Three of Petrarch
’s cycle of sonnets hymning the poet’s love for the divine Laura occupied Liszt’s imagination over many decades. The best known of the works to result from this preoccupation is the second of the three piano pieces which bear Petrarch’s name in the Deuxième Année de pèlerinage
. The three sonnets were first set as songs for high voice and piano in 1838/9. (In fact they really call for a lyrical tenor who can fearlessly cope with the ossia passages and negotiate a high D flat—the present writer will never forget the impression these songs made when stupendously sung by Adrian Thompson at the Hugo Wolf Academy in Stuttgart.) The piano transcriptions, which reverse the order of the first and second songs, may have been made soon after, but at any rate were complete by 1846 and published in that year. The transcriptions were revised for the Deuxième Année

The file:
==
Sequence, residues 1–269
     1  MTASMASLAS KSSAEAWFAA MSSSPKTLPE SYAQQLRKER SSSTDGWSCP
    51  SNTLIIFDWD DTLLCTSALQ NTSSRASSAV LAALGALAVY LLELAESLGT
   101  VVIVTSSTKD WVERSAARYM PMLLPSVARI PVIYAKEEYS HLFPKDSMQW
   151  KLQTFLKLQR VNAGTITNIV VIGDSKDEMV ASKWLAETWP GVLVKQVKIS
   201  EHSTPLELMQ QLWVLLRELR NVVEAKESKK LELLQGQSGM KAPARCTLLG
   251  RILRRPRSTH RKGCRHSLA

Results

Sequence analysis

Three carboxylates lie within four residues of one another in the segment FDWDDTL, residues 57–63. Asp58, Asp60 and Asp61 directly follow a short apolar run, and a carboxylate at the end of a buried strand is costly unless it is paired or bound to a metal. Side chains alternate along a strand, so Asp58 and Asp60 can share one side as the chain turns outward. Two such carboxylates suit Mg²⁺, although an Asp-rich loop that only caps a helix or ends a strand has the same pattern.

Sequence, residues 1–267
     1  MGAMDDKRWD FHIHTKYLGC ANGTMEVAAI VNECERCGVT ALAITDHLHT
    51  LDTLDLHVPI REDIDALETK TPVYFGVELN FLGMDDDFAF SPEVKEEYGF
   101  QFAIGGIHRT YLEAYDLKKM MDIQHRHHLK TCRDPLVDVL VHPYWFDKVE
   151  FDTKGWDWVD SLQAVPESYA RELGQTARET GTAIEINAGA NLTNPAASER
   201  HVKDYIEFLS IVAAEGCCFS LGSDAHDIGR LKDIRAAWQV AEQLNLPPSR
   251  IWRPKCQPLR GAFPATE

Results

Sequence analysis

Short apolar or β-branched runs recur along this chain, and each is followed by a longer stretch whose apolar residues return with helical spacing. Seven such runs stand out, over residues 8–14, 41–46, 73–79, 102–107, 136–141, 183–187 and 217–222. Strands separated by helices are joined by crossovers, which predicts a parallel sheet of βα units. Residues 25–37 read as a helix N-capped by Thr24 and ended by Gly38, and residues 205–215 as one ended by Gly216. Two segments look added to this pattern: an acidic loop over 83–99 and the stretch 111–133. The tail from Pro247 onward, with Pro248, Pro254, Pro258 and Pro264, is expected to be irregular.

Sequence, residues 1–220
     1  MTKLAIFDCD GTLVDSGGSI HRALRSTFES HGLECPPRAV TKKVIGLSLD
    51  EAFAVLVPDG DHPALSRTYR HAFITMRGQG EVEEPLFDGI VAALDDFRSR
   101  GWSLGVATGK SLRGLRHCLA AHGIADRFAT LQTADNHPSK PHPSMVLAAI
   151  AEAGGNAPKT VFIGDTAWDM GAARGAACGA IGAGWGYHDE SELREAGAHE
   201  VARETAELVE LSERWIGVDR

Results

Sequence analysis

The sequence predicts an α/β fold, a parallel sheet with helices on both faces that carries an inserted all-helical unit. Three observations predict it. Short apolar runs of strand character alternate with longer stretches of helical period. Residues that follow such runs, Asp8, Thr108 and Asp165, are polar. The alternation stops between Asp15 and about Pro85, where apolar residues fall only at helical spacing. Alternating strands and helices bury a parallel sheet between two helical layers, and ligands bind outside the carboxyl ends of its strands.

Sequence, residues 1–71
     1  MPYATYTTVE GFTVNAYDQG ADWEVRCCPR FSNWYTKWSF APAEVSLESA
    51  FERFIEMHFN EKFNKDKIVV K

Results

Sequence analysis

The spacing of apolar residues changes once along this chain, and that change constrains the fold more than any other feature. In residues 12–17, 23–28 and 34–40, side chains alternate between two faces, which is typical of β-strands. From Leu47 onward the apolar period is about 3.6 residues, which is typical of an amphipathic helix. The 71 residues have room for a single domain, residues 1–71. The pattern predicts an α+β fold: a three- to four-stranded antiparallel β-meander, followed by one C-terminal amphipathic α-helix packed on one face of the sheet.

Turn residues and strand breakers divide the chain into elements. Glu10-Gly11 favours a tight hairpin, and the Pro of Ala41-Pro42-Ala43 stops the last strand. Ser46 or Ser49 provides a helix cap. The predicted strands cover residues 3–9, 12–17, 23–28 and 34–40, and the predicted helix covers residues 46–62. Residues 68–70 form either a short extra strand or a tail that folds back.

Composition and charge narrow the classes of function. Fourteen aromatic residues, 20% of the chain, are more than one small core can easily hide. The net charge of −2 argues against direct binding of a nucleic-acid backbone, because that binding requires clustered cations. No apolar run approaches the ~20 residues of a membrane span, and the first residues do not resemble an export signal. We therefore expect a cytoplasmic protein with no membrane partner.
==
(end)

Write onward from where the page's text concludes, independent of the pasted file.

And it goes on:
by 1855, and the songs were totally recomposed for low voice—and very miserable they became in tone—in 1861 (retaining the order of the piano versions). Since the later piano versions are familiar, the divergencies between these and the early piano versions will be readily audible, especially the long introduction to the second piece in the first version. But since, as with the Liebesträume
, the sense of the poetry remains crucial to the understanding of the music, Petrarch’s original sonnets are given here, with translations.
from notes by Leslie Howard © 1992